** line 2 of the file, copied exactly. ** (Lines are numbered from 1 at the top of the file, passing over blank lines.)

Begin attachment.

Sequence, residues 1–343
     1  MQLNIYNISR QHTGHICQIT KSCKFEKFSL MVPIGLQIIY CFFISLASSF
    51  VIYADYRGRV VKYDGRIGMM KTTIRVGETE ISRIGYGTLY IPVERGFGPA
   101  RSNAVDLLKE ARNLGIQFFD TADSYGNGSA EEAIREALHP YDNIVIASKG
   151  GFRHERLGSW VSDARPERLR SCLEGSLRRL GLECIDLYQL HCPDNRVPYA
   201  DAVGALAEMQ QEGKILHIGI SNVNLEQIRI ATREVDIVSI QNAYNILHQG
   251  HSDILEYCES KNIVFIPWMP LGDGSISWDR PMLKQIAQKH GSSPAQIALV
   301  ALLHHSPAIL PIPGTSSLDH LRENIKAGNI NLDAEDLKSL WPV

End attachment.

     1  MQLNIYNISR QHTGHICQIT KSCKFEKFSL MVPIGLQIIY CFFISLASSF